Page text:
Dursban

Howstuffworks.com
Dursban is a product name for the chemical chlorpyrifos. Chlorpyrifos is one of the class of chemicals known as organophosphates. These are complex chemicals widely used as pesticides in agriculture. The U.S. Environmental Protection Agency (EPA) estimates that approximately 60 million pounds of organophosphates will be applied to approximately 60 million acres of crops in the United States this year. Dursban also has been used in pesticide sprays for residential and institutional use, including the sprays used by professional exterminators.

From a CNN report. 
“But after a lengthy review, the EPA concluded that chlorpyrifos -- sold by Dow AgroSciences under the trade names Dursban and Lorsban -- poses a risk to children because of its potential effects on the nervous system and possibly brain development.”

Diazinon

Wikipedia:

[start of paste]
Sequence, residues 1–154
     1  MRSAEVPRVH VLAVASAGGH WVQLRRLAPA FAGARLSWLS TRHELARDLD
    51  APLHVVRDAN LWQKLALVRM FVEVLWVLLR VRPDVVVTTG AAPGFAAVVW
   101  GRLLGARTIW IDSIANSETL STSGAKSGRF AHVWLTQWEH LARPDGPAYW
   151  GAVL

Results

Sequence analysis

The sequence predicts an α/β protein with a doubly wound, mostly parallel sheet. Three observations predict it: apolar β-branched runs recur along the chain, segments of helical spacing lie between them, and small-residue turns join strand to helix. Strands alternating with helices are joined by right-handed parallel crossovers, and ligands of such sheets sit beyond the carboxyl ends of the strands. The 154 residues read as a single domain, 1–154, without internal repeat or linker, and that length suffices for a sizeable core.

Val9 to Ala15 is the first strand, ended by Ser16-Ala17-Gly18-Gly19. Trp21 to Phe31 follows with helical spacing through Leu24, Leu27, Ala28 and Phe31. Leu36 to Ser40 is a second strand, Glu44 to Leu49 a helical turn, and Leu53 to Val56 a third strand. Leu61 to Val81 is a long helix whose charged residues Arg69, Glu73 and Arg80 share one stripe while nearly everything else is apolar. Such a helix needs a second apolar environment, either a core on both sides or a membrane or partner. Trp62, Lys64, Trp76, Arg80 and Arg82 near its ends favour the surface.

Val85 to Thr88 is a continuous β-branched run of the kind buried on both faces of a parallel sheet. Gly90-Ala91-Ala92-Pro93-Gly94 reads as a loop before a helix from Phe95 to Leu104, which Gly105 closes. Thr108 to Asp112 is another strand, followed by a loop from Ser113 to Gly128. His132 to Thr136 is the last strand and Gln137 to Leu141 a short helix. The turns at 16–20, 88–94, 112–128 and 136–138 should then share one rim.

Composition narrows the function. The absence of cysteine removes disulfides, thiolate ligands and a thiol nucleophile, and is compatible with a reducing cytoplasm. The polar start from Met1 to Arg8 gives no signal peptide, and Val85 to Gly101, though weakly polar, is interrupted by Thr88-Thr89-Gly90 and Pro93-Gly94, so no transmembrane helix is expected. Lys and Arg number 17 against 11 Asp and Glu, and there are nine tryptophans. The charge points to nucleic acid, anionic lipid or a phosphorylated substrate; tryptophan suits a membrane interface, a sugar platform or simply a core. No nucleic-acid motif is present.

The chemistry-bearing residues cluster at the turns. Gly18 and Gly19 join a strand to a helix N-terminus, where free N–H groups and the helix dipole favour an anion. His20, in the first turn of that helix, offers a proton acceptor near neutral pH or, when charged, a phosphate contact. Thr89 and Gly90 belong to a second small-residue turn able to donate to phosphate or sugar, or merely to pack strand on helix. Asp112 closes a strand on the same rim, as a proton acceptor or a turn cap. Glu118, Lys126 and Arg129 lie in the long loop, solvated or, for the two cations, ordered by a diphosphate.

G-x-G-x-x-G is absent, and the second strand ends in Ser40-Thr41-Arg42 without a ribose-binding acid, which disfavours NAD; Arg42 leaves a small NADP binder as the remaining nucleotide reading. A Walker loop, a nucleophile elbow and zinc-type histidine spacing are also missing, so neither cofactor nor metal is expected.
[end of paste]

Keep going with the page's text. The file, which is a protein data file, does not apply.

Diazinon (O,O-diethyl-O-(2-isopropyl-6-methyl-pyrimidine-4-yl)phosphorothioate), a colorless to dark brown liquid, is a thiophosphoric acid ester developed in 1952 by Ciba-Geigy, a Swiss chemical company (later Novartis and then Syngenta). It is a nonsystemic organophosphate insecticide formerly used to control cockroaches, silverfish, ants, and fleas in residential, non-food buildings. Bait was used to control scavenger wasps in the western U.S. Residential uses of diazinon were cancelled in 2004; it is still approved for agricultural uses.

Clemson University Pesticide Information Program:
DIAZINON is the most widely used pesticide by homeowners on lawns, and is one of the most widely used pesticide ingredients for application around the home and in gardens. It is used to control insects and grubs. The agreement betwen EPA and diazinon manufacturers (5 December 2000), Syngenta and Makhteshim Agan, will eliminate 75 percent of the use which amounts to more than 1 million pounds of the pesticide used annually. Diazinon's use on turf poses a risk to birds, and it is one of the most commonly found pesticides in air, rain, and drinking and surface water.

Department of Health and Human Services: